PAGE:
Exploring the σ2R/TMEM97 protein‐mediated neuroprotective pathway in a C. elegans Alzheimer’s Disease Model of Neurodegeneration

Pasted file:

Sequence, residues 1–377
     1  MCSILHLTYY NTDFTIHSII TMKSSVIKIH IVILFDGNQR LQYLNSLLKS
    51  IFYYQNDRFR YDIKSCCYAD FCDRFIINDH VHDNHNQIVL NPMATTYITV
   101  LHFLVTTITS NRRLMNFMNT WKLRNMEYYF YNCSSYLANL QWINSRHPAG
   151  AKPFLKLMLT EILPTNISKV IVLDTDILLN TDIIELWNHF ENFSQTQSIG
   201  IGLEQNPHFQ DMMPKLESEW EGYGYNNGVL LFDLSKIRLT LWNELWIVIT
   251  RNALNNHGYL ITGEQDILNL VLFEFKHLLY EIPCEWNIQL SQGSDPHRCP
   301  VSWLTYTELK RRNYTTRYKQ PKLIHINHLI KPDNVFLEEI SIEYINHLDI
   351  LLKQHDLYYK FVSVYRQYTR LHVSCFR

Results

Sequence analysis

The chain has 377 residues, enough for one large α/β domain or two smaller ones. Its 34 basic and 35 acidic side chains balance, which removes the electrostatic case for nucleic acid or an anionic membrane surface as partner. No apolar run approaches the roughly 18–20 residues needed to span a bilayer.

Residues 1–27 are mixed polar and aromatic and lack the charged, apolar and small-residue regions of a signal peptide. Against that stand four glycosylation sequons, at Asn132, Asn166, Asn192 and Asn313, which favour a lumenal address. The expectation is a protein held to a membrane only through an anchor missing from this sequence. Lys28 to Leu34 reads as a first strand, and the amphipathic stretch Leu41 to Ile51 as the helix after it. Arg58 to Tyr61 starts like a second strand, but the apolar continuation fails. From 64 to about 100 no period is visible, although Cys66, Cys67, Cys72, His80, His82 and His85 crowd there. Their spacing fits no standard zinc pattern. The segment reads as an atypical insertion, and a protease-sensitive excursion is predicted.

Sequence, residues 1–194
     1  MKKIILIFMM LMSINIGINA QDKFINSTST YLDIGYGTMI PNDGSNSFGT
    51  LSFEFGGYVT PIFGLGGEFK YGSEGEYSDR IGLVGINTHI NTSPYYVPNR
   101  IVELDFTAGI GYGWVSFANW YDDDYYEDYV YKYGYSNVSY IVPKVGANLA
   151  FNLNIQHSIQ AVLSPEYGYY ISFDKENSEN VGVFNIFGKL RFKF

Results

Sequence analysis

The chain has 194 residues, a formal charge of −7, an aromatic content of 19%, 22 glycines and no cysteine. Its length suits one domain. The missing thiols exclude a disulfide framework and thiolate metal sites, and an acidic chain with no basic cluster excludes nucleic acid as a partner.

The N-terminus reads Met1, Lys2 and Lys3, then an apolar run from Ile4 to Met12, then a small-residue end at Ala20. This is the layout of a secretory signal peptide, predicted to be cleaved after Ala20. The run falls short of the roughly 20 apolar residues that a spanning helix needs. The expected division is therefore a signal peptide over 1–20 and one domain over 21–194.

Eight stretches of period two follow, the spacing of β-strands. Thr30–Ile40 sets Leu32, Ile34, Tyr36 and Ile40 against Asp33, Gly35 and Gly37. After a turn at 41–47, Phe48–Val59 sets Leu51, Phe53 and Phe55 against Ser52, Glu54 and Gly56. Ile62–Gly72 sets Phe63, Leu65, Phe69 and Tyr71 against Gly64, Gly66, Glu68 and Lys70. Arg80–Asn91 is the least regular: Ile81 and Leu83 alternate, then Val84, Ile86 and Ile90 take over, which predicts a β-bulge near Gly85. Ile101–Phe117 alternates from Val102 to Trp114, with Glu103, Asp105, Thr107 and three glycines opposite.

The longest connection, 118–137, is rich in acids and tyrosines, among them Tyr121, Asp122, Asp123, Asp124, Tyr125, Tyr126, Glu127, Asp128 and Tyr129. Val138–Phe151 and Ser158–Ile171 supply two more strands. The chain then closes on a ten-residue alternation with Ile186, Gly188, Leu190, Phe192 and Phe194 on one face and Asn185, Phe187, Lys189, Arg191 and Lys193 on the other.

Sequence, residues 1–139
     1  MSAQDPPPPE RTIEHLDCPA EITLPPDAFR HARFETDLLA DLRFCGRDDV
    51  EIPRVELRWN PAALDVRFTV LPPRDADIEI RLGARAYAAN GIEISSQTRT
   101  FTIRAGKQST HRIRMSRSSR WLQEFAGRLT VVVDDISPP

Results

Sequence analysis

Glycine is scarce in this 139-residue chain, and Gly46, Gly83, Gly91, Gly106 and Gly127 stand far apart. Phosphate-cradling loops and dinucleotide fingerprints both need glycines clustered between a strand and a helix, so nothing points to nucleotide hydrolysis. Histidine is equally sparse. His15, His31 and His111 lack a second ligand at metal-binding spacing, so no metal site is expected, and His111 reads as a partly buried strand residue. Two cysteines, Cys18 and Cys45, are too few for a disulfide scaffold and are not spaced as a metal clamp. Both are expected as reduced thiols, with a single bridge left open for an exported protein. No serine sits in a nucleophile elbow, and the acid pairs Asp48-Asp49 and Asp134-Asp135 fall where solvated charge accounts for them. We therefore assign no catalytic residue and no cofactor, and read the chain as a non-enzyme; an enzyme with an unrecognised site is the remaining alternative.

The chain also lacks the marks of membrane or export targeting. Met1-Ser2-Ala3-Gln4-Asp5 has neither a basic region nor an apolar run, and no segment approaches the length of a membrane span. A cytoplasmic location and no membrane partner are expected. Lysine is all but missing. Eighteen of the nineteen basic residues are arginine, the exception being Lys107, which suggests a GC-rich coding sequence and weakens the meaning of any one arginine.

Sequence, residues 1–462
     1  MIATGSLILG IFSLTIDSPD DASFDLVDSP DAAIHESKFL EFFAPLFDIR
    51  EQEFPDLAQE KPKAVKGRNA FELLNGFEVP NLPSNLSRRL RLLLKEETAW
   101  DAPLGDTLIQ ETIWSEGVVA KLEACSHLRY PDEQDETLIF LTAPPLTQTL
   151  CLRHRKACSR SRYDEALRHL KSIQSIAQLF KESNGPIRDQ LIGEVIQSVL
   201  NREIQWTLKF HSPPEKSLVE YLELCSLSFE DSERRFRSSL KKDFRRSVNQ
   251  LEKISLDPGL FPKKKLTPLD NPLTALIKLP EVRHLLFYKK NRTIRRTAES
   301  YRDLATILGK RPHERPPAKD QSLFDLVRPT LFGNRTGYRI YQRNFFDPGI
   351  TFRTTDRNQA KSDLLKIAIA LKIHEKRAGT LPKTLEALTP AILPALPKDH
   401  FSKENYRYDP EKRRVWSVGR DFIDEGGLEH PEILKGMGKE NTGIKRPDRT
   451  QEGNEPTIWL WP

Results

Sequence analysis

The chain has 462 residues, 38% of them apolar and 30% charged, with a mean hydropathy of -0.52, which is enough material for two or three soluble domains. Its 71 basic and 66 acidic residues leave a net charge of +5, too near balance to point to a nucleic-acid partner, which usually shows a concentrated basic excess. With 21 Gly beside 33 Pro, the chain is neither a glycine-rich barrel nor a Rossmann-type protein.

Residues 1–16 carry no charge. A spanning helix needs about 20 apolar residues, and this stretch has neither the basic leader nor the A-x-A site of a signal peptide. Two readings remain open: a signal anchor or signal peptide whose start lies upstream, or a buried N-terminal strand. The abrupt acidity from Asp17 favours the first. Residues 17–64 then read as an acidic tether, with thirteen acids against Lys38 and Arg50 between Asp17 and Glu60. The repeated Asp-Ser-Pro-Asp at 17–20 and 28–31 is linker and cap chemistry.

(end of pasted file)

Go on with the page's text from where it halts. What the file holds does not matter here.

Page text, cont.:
Alzheimer’s disease (AD) is one of the leading causes of death in the aging population around the world. Two genetic risk factors highly correlate with and synergize in the development of AD: mutations altering copy number or processing of the amyloid precursor protein (APP) and the apolipoprotein E4 (APOE4) allelic variant. Using the genetically malleable nematode, C. elegans, we generated a strain expressing a single‐copy human APP and multiple copies of human APOE4, from which we saw progressive neurodegeneration in adulthood. We previously found that small molecule ligands of the sigma 2 receptor/transmembrane protein 97 (σ2R/TMEM97) are neuroprotective in our worm hAPP model of AD and reduce cognitive deficits in a transgenic APP mouse model. Our results suggest that a null allele of the TMEM97 gene ortholog in worm, Y38H6C.16, confers neuroprotection in our new hAPP/hAPOE4 worm model. Using this neurodegeneration model, we have also begun to screen compounds in our norbenzomorphan σ2R/TMEM97 ligand collection for the ability to influence neurodegeneration. Thus far, our findings indicate that σ2R/TMEM97 ligands can promote or inhibit neurodegeneration. To begin to understand the function of σ2R/TMEM97, we generated translational and transcriptional reporters for C. elegans. Elucidating the mechanisms underlying how σ2R/TMEM97 ligands protect against degeneration in our models is imperative in the development of treatments for uncurable neurodegenerative diseases like AD.